After 60 years of military rule, Burma peacefully transitioned in 2010 to a quasi-civilian government. But active or retired army officers continue to wield great authority. Since coming to power in 2010, the government unveiled for the first time new peace proposals to rebel groups that call for cease-fires followed by development assistance and a national conference to discuss political grievances.
The political wing of the Karen resistance said in 2011 that attacks by the army have led to the displacement of nearly half a million people, and driven more than 140,000 refugees to nine camps along the Thai-Burma border. Despite the hardships, many remained committed to the cause.
By March 2011 more than 10,000 refugees from eastern Burma had crossed into Thailand since fighting erupted between government troops and the opposition Democratic Karen Buddhist Army in November 2010 after the country’s first national elections in two decades. Thailand considered them to be illegal migrants, so they are not allowed in the refugee camps, and have little access to humanitarian aid. Instead, they seek shelter in the jungle or in squatter camps. The conflict escalated after the election, as the Burmese army tries to gain control over more Karen territory.
On January 11, 2012 the Burmese government signed a cease-fire with the ethnic Karen rebel group, in an apparent move toward ending one of the world's longest-running insurgencies and meeting a key condition for improved ties with the West. The two sides signed the deal after a series of meetings in Pa-an, the capital of Karen state in southeast Burma. The agreement marked the first declared break in fighting between the government and the rebel force since just after the country gained independence from Britain in 1948.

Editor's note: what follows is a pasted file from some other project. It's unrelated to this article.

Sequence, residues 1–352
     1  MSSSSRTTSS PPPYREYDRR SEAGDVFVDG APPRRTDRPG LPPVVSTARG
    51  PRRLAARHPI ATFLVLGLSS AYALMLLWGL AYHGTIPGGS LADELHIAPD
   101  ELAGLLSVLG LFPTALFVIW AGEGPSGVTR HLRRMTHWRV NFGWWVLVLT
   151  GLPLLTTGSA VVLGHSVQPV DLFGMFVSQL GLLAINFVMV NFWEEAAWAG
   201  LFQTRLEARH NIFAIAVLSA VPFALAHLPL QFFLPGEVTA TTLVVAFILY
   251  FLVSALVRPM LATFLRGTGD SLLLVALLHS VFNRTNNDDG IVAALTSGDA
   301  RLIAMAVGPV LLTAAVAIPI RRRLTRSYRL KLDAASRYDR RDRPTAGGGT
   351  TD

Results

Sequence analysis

Burma's information minister said 21 March 2011 that neighboring Thailand could do more to help curb a decades-old insurgency in Burma's east. Burma's state-run New Light of Myanmar newspaper said Information Minister Kyaw Hsan told a parliamentary session that if Thailand stood as a friendly nation, the problems in Burma's Karen State would soon be solved. He said the insurgents remain active with the assistance of certain super powers, international non-governmental organizations and Thailand. The insurgents use refugee camps in Thailand as their base to launch attacks on the Burmese army.
Despite Burma’s political opening, by 2013 most of the Burmese refugees in Thailand were not expecting to return any time soon. A first-of-its kind U.N. survey of refugees indicated that many remained wary of heading back across the border. About 130,000 refugees are residing in nine border camps in Thailand. Many of those were born in exile. Eighty percent of the camps' residents were ethnic Karen.
Along the Thai-Burma border, by mid-2014 more than 120,000 refugees remain in nine camps, including at Mae Sot, the largest settlement, established 30 years earlier. In July 2014 Thailand’s military government said it had reached an agreement with Myanmar for the return of refugees. The agreement called for as many as 130,000 people to be sent back to Myanmar. Rights activists opposed the move. They say refugees should not be returned until security and Myanmar’s economy have improved.
Ethnic Karen rebels signed a truce in January 2012, halting their fight for more autonomy. The Karen National Union, suspended its membership in the coalition group that had been working with the government of Myanmar, also known as Burma, on a nationwide cease-fire agreement. The move came 01 September 2014 after the union’s representatives walked out of a four-day conference of the United Nationalities Federal Council (UNFC) in Chiang Mai, northern Thailand.
|Join the GlobalSecurity.org mailing list|